The simplicity of the malware that paralyzed the computer networks of three banks and two broadcasters in technically sophisticated South Korea is a warning that U.S. corporations need to rethink security.
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The cybercriminals did nothing out of the ordinary in penetrating the organizations' defenses on Wednesday. They used existing malware called "DarkSeoul," changed its signature to evade the organizations' firewalls and antivirus software, and targeted a well-known vulnerability in Internet Explorer (CVE-2012-1889).
"In South Korea, it was a malware that I think, if you say that it took more than one working day to write, it means the developer was not very bright," said Barry Shteiman, a senior security strategist for Imperva.
The malware was capable of infecting Windows, Unix and Linux servers, as well as PCs, Symantec reported on Thursday. Once in the computer, the malware destroyed the master boot record on the hard drive, causing them to crash and unable to turn back on.
As a result, employees at the South Korea's two leading television stations, Korean Broadcasting Systems and MBC, were left staring at blank screens, although normal broadcasts continued, The New York Times reported.
Shinhan Bank, the country's fourth largest, reported its Internet banking servers were temporarily blocked. Two other banks, NongHyup and Jeju, reported computers at some branches were paralyzed for a couple of hours.
What isn't known is how the malware got into the computer systems. Criminals typically send malware in carefully crafted email meant to trick recipients into opening attachments or visiting malicious websites. There's also the possibility that a saboteur installed the malware through a USB drive.
But no matter the method, the criminals were able to bypass the organizations' defensive technology for catching malware before it reached computer systems. In doing so, they were able to wreak havoc using basic technology.
Because no organization's defenses are impenetrable, companies need to think about security as not just stopping an attack from the outside, but uncovering malware once it gets in, experts say. The assumption should be that computer systems are already infected.
With this mindset, companies need to constantly examine hardware and software audit logs to track information that has left the network to look for abnormalities, said James W. Gabberty, a professor of information systems at Pace University. In addition, penetration testing should be performed regularly to catch system vulnerabilities before they are exploited.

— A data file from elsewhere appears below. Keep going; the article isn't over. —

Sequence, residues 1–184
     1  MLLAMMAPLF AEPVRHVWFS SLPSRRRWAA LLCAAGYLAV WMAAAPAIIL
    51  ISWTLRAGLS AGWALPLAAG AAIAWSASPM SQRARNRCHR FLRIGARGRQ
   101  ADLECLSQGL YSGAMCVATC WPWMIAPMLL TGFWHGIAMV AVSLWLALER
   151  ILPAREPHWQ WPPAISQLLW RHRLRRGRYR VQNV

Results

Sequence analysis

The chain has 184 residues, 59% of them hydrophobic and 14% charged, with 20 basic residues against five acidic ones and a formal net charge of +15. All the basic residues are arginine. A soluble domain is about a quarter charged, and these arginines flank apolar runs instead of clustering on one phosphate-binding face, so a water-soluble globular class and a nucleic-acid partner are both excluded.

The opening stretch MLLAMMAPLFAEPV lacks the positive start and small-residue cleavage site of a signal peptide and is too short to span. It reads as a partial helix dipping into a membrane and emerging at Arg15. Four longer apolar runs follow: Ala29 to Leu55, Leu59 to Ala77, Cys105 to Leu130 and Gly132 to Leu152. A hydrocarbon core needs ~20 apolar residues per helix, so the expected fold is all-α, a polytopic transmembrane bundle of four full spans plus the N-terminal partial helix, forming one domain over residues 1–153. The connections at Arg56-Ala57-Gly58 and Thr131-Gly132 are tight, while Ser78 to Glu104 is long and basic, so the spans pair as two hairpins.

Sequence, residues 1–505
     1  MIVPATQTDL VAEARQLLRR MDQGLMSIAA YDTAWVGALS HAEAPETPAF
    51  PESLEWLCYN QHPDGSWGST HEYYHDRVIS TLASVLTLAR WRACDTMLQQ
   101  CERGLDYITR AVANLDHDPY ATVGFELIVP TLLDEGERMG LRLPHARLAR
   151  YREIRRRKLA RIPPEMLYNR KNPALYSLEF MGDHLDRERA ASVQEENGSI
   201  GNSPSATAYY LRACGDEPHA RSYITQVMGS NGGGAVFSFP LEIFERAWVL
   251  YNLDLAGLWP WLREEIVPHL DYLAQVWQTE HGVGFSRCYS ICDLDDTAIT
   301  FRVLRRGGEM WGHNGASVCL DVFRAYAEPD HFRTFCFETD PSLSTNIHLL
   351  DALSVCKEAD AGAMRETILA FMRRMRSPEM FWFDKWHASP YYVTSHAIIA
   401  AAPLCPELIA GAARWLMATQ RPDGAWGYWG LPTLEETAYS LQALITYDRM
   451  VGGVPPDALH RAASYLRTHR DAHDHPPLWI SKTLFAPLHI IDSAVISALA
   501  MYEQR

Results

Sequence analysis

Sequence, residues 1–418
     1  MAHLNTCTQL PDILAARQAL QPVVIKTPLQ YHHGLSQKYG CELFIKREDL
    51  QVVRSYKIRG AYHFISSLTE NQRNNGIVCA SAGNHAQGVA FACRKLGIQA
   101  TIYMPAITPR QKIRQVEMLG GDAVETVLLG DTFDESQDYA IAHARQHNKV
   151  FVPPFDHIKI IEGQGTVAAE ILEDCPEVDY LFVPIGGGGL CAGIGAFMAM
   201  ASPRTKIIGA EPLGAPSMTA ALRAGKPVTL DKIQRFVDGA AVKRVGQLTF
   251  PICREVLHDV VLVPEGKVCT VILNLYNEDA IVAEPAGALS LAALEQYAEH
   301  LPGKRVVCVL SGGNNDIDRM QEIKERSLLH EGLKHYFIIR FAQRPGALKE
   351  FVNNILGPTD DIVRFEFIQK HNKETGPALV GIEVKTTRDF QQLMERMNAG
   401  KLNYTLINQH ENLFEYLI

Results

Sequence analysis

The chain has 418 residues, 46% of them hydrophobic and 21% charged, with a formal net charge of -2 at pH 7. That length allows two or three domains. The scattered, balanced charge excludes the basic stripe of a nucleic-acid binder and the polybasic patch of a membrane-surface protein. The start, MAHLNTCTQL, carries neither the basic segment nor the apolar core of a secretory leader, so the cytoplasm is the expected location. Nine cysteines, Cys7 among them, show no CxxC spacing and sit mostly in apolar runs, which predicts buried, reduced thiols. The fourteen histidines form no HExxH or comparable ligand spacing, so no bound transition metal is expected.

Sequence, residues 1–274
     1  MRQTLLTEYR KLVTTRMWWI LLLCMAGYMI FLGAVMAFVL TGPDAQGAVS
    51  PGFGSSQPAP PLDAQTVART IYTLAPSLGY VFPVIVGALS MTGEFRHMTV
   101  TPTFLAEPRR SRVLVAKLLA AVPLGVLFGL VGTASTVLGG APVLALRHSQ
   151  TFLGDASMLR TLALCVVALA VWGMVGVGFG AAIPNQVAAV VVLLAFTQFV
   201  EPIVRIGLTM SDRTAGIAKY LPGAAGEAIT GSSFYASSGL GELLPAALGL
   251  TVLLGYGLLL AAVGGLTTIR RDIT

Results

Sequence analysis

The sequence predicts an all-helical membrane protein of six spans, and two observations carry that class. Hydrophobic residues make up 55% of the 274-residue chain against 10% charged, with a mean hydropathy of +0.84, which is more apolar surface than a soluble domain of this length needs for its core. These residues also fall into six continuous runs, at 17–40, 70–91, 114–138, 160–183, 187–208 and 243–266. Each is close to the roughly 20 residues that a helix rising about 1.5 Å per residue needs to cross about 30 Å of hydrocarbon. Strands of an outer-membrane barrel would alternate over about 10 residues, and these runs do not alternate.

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Other precautions include identifying where critical data is stored inside a network. In the case of banks, that would mean knowing where the transactional data and customer data is sitting and wrapping it in security technology, so it can't be easily access by malware, Shteiman said.
"You can never fend off all of the mice, but you can make sure the cheese is safe," he said.
The origin of the attackers in the South Korea companies is not known. The country's longtime enemy, North Korea, is a suspect. Other experts say code used in the malware is distinctly Chinese.
Wherever the origin, the attackers were not looking to steal information, but raise havoc, much like the Cyber Fighters of Izz ad-Din al-Qassam, an Islamic group that has launched distributed denial of service (DDoS) attacks in waves against major U.S. banks over the last seven months. Targets included Bank of America, PNC Financial, Capital One Financial, JPMorgan Chase and Citigroup.
While there's no known connection between the attacks, they show how criminals will adopt different strategies, depending on what they want to accomplish. The DDoS attacks on U.S. banks were more advanced technically, but the attackers of the South Korean banks did much more damage.
"At the end of day, the sophistication doesn't particularly matter," said Dan Holden, director of security research at Arbor Networks. "The motivation dictates how sophisticated the attack needs to be."
In the U.S. bank attacks, the motivation appears to be a continuous harassment and constant probing for weaknesses in the bank's online systems. In South Korea, onetime destruction was the goal.
The third wave of attacks against the U.S. bank started again this month after a one-month suspension. In the latest assault, the attackers are constantly changing targets at the application layer of the website, rather than focus on just one for a period of time, Holden said. The format of the bogus data sent to try to overwhelm Web servers is also changing constantly.
In addition, the number of compromised servers spewing data has increased by 50% since the last attacks, Holden said. He declined to give exact numbers.
The banks have managed to fend off the attacks, suffering short periods of downtime at worse. Nevertheless, the attacks have forced the banks to spend more money to defend their systems, Holden said.
The group says the attacks will continue until YouTube removes all versions of an anti-Islam video that mocked the Prophet Muhammad. The video, called the Innocence of Muslims, sparked violent demonstrations last year in many Middle Eastern countries.
This story, "South Korea bank attacks should prompt rethink in U.S." was originally published by CSO.